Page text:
Flashback: The Who perform their first and only show at SPAC, August 2, 1971

Two years after releasing Tommy and just ahead of the release of Who’s Next, UK rock stalwarts The Who performed at Saratoga Springs Performing Arts Center on Monday, August 2, 1971.

The show would serve as The Who’s only performance at SPAC, with a then-record attendance of 33,652 (reported as 27,800 by The Who), which shattered the previous record of 22,647 set by Chicago in 1970. Christian rock star and future Gospel Music Hall of Fame singer Mylon served as support for the show.

The Glens Falls Post-Star had this to say of the show in their concert review:

The crowd was everywhere, in the seats, on the lawn, on the stage, in the aisles and even on the steel girders on the side of the theater. The latter, fortunately, was only temporary until the police ordered the dozen young people down.

They were a noisy, restless audience to say the least, but seemed to lap up everything the four-man group offered. The Who gave them their money’s worth for an hour and a half, and do they work. As to the quality of their music, It was loud. I’ll leave further critique to those who favor this type of rock music. But the fact that they brought nearly 28,000 paying customers to SPAC is not to be denied.

They seemed to sing all the songs the crowd came for, as well as anumber of new ones, and had a difficult time convincing the crowd to go home.

Opening the show for the first have was Mylon, a long haired, grating singer-guitarist backed by five musicians and three girl singers. They did everything from rock to country-western, spirituals and even a standard, “Sixteen Ton.”

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The Post-Star review goes on to detail the sound at the show as well as fans camping on the lawn:

The sound throughout the program was loud for those in the theater, and everywhere backstage theater walls and floor were actually vibrating. Out on the lawn, the sound was more moderated. Thanks to the closed circuit TV system used again last night, those on the lawn had a perfect viewing spot. Watching the TV cameramen in the aisles and one on stage on a ladder trying to cover the show for those on the lawn was almost a show initself.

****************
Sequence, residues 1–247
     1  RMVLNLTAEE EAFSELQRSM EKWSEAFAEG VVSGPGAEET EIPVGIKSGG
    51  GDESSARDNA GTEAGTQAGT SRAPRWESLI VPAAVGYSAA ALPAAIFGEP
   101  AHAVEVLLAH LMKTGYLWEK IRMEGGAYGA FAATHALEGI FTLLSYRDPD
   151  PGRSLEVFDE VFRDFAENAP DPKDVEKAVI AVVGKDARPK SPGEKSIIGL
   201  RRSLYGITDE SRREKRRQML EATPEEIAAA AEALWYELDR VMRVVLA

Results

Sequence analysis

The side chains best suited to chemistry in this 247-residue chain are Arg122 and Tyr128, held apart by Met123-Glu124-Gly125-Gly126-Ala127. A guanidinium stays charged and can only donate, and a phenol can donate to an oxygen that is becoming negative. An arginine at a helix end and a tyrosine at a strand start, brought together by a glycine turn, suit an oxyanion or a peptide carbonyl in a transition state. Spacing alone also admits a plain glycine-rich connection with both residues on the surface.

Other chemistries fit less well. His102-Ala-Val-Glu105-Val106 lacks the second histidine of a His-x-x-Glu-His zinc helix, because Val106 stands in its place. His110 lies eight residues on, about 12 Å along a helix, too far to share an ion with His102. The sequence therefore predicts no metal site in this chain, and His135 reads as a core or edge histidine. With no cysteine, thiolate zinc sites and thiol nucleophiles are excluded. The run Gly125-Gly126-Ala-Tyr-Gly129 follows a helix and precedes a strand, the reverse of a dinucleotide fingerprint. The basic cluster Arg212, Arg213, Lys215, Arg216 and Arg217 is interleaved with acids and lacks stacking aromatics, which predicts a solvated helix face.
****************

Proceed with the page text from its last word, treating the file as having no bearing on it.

There were the usual several minor cuts and abrasions, as well as several fainting incidents requiring backstage first aid, with some also going to the hospital.

Reportedly several on the lawn camped there from late Sunday night in order to be sure of a good place, so that should give some indication of the popularity of The Who. For anyone so inclined, a close examination of the group’s tons of sound equipment would be a short course in the electronic world of amplification at its fullest.

The intermission was especially long, as management pleaded for the young people to clear the aisles to comply with state fire laws. They never did get the aisles clear, but finally did get most of the kids to sit down so those in seats could see the stage.

A unique feature to evenings at SPAC – a program was distributed to attendees, as seen below.

Program cover
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Program back

Among the small print, the program says of The Who:

Unlike so many groups in the fickle world of pop music, The Who have remained together as a band since their start in 1964. The creative sparkplug of the group is Pete Townsend, guitarist, songwriter and composer of Tommy. Bass player John Entwhistle is another fine songwriter. The two other members of the group are drummer Keith Moon and the explosive microphone-twirling singer Roger Daltry.

(Ed. Note: Townshend, Entwistle and Daltrey’s names were misspelled in the program)

Aside from the rock opera concept, The Who have been pioneers in many other areas of pop music. They were the first to refine guitar feedback to a high art, the first to use the previously sacred Union Jack as clothing and the first to wind up their performances by smashing their instruments.

The program goes on to note that The Who had just played two sold out shows at Forest Hills Tennis Stadium in Queens. They wrapped up their tour shortly after their Saratoga performance, with final tour stops at the Yale Bowl in New Haven, CT, Cobo Hall in Detroit and Chicago Auditorium.

Setlist: Love Ain’t For Keeping, Pure And Easy, My Wife, I Can’t Explain, Substitute, Bargain, Behind Blue Eyes, Won’t Get Fooled Again, I Don’t Know Myself, Baby Don’t You Do It (Marvin Gaye), Pinball Wizard, See Me Feel Me, Water

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